Even if that were so, there is no reason to assume that any particular black person is less intelligent than the white person standing next to him, any more than we could assume that he is a better tap dancer or basketball player. Even if IQ tests are valid measures of intelligence, the significance of the purported difference is not so great as some people believe. Ashkenazic Jews, according to some tests, have an average IQ that is 13 points above normal defined as 100; would anyone consider this to be a meaningful difference? I know people with IQs three… Read more »

PB
Guest
PB

The significance of IQ wasn’t my point. I’m saying that if we can in fact observe some differences along racial lines, it doesn’t make us racist to acknowledge them. I agree that those differences don’t necessarily tell us anything about any particular person. I’m not as interested as it applies to IQ, but I am interested in how it has been purposefully excluded in the anti-police movement. The racial component in crime statistics, gun violence, and assaults highlight the racial divide and provide a basis for explaining the police vs black confrontations that have been so effectively and intentionally misrepresented.… Read more »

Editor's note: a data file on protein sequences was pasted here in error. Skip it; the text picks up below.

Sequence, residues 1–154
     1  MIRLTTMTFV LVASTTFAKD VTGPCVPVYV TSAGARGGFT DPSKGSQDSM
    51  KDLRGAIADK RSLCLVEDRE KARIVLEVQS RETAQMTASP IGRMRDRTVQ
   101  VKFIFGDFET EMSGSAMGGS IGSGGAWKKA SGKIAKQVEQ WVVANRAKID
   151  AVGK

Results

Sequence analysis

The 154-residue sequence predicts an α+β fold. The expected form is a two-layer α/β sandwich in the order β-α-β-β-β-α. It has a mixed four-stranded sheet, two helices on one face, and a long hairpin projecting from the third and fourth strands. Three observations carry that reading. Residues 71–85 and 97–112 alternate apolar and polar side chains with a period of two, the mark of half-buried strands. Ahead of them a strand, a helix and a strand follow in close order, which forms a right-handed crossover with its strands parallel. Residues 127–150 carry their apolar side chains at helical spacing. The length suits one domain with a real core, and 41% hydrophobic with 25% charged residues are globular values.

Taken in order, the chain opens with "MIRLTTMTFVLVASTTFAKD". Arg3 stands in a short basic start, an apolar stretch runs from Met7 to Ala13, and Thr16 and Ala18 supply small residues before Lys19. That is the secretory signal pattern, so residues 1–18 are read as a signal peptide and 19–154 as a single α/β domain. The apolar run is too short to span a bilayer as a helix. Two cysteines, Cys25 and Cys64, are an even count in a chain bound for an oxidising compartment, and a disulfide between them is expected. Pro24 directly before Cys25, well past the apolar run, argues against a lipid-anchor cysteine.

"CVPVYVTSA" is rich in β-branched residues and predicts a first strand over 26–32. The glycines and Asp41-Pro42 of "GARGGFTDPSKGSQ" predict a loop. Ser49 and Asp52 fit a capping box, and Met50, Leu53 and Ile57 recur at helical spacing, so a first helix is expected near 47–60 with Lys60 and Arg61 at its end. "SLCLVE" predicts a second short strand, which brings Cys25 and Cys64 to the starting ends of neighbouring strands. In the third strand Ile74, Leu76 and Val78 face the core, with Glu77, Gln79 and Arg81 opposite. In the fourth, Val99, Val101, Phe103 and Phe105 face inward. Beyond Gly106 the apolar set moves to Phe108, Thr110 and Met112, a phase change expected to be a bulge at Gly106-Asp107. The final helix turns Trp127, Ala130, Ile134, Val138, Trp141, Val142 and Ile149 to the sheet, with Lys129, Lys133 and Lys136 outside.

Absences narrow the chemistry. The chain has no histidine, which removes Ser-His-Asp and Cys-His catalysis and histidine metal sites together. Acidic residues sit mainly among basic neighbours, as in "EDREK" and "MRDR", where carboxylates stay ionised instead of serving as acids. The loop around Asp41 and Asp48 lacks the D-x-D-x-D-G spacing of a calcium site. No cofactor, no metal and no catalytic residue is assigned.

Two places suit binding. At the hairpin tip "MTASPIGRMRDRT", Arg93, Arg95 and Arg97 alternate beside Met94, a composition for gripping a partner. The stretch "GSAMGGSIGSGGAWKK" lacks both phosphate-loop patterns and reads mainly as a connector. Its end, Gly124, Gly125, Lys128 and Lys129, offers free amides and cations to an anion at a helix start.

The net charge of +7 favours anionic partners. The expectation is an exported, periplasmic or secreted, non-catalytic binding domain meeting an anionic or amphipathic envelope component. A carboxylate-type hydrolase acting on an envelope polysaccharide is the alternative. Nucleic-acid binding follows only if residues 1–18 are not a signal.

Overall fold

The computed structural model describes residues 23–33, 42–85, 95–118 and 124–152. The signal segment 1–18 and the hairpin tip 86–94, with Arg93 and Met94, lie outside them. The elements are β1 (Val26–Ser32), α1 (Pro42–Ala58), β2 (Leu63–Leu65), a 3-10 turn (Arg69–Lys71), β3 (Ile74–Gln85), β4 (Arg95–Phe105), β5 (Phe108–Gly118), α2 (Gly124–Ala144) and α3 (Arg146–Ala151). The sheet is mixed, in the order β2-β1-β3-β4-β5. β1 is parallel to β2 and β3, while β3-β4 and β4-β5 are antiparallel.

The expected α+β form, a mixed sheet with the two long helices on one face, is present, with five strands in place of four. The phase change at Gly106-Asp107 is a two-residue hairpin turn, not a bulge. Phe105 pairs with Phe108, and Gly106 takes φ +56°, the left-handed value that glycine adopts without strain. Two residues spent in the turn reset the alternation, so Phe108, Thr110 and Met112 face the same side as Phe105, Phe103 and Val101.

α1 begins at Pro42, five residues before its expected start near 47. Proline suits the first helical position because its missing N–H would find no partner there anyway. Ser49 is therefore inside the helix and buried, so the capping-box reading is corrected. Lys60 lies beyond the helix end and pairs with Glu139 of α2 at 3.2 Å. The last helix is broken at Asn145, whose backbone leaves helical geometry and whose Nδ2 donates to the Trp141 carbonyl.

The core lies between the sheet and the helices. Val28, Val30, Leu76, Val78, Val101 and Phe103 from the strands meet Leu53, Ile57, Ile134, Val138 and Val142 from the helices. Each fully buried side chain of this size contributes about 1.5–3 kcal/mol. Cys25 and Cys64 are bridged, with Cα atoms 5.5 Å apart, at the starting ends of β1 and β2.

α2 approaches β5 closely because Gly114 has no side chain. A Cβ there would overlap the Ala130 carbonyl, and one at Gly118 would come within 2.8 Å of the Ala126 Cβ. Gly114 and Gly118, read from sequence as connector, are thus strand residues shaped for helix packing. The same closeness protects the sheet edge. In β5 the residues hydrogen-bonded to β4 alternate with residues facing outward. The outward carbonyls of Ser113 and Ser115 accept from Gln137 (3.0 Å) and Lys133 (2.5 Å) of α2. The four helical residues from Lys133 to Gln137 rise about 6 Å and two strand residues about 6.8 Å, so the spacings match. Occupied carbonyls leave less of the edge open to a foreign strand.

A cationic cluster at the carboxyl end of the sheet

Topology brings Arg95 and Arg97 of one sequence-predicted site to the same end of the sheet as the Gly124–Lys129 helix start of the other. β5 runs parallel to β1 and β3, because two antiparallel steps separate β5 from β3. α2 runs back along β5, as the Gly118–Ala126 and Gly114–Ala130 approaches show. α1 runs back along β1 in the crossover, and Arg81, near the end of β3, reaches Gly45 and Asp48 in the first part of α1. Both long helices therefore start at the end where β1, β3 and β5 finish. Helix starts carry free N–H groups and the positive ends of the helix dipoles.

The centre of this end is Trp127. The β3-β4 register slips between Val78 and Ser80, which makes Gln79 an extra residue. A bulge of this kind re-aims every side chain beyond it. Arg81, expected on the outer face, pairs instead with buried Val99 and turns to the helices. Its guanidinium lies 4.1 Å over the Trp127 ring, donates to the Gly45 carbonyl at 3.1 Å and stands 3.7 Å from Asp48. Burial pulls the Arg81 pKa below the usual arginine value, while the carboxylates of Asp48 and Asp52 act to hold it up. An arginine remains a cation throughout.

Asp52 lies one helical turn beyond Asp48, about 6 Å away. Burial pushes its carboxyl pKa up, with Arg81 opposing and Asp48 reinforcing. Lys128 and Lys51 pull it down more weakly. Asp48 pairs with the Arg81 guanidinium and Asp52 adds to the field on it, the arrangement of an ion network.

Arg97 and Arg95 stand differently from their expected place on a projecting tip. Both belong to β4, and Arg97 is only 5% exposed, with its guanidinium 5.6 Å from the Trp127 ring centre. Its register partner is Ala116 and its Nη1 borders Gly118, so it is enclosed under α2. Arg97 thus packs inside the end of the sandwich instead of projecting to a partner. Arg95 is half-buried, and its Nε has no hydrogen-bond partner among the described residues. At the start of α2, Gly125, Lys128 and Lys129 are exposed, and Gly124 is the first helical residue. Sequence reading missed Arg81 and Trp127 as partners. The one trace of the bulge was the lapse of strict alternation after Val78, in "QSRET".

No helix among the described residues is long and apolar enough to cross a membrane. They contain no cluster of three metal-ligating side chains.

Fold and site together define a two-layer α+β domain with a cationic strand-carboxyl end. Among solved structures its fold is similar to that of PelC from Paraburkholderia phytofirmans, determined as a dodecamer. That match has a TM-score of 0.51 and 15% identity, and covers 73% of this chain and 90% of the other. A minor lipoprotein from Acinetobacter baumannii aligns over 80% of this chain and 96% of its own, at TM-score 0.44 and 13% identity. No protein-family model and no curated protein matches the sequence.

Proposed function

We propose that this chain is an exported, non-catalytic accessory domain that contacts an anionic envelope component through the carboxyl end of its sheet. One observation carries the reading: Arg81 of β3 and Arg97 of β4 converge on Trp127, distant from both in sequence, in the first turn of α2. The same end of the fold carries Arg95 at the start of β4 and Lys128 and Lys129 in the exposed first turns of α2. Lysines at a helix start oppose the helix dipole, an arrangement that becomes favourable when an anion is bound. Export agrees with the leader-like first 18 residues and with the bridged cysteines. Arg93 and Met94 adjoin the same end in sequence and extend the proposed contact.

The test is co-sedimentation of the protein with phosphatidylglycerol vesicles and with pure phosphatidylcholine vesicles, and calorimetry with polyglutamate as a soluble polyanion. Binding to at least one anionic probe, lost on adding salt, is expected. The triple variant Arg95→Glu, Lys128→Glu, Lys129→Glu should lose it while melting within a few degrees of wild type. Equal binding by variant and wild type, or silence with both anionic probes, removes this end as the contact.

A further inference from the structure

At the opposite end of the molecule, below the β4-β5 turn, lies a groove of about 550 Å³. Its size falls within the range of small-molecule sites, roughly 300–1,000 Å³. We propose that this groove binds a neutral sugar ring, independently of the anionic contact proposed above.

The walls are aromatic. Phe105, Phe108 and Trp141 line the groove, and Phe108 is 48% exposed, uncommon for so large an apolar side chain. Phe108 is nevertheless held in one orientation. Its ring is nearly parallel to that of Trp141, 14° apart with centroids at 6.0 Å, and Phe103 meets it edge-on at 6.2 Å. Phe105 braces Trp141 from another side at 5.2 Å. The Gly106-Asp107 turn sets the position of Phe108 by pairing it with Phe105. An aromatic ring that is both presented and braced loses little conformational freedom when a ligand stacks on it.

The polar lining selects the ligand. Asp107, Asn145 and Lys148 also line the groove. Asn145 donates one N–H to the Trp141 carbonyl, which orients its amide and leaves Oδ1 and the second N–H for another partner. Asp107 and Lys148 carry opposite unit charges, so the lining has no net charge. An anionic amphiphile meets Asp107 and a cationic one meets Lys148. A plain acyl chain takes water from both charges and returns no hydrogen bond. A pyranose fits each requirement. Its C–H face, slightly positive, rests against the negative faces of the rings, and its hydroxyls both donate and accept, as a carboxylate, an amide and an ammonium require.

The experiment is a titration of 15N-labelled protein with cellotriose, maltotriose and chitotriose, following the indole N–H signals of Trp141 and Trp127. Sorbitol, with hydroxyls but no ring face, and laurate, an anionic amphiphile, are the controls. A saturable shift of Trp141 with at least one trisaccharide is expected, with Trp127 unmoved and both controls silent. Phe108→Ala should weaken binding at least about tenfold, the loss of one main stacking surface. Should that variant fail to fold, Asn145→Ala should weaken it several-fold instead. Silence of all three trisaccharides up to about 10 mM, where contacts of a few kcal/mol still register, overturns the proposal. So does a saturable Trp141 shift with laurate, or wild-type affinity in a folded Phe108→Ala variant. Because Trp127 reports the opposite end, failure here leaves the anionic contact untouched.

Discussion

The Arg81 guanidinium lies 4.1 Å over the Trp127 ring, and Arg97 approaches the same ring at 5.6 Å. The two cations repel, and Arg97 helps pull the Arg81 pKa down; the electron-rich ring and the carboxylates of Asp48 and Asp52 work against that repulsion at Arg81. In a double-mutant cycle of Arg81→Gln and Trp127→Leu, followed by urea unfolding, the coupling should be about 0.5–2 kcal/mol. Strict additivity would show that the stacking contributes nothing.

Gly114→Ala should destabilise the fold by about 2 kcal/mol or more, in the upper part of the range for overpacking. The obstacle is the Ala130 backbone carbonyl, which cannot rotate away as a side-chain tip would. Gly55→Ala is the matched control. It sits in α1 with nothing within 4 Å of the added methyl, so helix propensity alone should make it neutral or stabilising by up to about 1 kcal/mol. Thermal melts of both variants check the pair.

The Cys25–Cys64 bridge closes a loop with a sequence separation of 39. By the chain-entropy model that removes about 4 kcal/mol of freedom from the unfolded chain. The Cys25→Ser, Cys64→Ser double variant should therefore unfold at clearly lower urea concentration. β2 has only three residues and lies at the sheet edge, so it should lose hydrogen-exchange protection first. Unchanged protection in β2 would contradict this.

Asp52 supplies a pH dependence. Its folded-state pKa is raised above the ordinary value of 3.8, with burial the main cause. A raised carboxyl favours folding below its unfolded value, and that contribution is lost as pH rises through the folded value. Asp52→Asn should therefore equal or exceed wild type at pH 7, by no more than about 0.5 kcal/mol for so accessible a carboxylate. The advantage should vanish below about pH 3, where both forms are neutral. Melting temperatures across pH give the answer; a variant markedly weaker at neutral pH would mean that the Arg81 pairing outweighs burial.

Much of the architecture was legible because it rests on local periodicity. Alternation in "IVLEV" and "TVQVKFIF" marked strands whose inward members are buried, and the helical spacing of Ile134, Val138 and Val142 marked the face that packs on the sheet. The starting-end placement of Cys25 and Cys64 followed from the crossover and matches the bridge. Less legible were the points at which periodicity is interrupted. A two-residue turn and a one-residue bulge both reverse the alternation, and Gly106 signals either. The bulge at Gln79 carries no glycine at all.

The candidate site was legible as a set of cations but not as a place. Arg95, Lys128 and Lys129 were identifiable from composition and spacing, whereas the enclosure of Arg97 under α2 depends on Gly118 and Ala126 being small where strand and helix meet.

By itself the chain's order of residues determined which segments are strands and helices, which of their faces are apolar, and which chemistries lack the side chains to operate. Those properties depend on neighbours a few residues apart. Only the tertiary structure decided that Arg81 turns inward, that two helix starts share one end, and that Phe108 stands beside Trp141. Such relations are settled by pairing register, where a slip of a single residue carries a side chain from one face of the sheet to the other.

Jill Smith
Member
Jill Smith

I agree with your last statement. However, everything you mention seems to me to be more attributable to social pathology, fatherlessness, enforced dependency, excessive use of alcohol, and a failure to value education than to a difference in IQ.

I think that understanding of these factors has to inform policing. I would think that just fatherlessness in itself creates a state of mind that poses real danger to a cop who must act as an unfriendly authority figure. All that deprivation and rage in conjunction with access to weapons is terrifying.

PB
Guest
PB

Yes. I haven’t made any claims about IQ. But the question is why all of those things you mention would be noticeably higher in one race as opposed to another. IQ may be responsible to some degree, I don’t know, but it is at least possible. Identifying characteristics of a particular race may not provide all the answers but it may provide some. My initial comment was directed at the fairness of Katecho’s charge of racial vainglory for recognizing an IQ gap, not making any statements of my own about an IQ gap.